2. One remark: in the maps, Madagascar is marked both francophone and anglophone. Is it changing from French to English like Rwanda?

  3. According to Wikipedia, both French and English are official languages. Not sure what the meaning of that is as I was under the impression that it was indeed just French, but maybe there is a slow shift to English? It also happens to be one of the few countries in Africa where the local language has a strong presence and I’m under the impression that above French or English, Malagasy is spoken more than anything else.

  4. I think a similar argument is presented in Max Weber’s “The Protestant Ethic and the Spirit of Capitalism”. Perhaps this is where “Neo” takes his perspective from?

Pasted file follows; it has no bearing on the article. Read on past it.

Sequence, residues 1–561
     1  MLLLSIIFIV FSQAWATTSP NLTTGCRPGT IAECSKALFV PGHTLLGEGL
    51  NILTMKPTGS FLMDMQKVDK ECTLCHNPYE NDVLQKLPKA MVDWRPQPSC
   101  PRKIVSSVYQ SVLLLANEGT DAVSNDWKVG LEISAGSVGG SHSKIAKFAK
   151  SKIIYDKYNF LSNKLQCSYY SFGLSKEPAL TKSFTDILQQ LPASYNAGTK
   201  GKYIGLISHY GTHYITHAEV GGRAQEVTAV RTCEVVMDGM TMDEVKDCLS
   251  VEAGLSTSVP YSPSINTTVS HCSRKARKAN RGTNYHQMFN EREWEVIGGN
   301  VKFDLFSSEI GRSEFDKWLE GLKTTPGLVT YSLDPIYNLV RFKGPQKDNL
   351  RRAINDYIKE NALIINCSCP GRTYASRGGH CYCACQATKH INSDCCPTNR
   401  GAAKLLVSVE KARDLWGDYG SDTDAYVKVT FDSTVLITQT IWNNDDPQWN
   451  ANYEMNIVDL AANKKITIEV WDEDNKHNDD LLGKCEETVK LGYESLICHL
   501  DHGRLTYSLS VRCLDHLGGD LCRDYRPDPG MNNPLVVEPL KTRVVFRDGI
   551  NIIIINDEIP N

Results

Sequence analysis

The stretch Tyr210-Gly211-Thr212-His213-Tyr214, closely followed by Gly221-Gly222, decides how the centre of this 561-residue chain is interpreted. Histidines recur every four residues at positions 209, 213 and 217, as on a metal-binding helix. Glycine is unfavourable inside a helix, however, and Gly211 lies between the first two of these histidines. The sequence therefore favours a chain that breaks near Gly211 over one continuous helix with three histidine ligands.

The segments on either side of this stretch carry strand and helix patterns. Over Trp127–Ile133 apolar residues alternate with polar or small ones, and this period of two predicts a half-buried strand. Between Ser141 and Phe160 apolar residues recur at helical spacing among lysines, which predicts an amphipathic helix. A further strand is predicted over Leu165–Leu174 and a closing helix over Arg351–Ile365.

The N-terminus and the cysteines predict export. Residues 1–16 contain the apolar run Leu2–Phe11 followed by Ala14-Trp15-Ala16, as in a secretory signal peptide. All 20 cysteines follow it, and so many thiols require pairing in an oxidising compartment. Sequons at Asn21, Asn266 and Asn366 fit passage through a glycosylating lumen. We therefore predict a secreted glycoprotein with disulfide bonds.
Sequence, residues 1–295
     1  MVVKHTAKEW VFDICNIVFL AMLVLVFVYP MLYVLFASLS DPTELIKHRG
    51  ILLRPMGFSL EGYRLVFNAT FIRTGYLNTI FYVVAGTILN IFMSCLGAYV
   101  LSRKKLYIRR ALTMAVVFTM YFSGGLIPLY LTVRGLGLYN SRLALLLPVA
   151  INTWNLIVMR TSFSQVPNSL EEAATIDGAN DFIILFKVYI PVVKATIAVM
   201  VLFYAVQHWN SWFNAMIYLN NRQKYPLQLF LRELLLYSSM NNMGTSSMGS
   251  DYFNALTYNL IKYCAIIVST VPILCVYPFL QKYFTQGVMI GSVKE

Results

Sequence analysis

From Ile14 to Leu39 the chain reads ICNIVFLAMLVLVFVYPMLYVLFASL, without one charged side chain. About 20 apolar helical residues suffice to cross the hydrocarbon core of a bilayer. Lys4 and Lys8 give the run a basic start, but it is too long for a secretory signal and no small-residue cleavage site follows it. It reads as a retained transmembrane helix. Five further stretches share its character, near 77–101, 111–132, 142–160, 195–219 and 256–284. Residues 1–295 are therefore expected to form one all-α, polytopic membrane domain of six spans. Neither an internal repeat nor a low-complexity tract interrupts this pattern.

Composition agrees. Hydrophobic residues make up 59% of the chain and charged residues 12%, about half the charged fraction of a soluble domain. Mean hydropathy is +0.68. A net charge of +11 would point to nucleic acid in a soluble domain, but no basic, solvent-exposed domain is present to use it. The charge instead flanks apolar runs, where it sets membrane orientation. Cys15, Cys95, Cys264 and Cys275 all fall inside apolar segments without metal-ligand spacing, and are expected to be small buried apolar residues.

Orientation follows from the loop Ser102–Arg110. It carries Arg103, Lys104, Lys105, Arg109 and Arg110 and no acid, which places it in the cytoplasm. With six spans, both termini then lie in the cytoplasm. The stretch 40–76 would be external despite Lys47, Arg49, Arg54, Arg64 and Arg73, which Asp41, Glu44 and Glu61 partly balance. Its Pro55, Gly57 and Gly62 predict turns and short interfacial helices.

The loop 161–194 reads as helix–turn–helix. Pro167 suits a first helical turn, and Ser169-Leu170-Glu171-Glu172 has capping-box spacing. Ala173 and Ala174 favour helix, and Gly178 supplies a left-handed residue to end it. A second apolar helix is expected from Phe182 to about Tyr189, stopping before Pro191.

http://en.wikipedia.org/wiki/The_Protestant_Ethic_and_the_Spirit_of_Capitalism
    I come from Cameroon, from Anglo-Cameroon. Some of my fellow Anglo-Cam people view Franco-Cameroun as troubled when it comes to work and ethics and “work ethics.” And they would probably agree with you when you say the French and their brand of cultural imperialism are to blame for what’s wrong in French Cameroun. Not that British Cameroonians are perfect either–or untainted (ha!) by colonialism.
    As far as religion goes, they might disagree, because a good number of Anglo-Cameroonians are Catholic. There’s also the question of indigenous religous practices and traditional cultural values. I think countless historical, social, economic, political things shape African countries, not to mention the diversity of each country’s citizenry. I wonder about things like subsistence practices and traditional social organization (kinship structure, polities, etc, “beautiful” African things that persist in the face or modernization) and how these shape how Africans survive (sometimes with quite a bit of grace and dignity!)in a pretty unforgiving context of global oppression.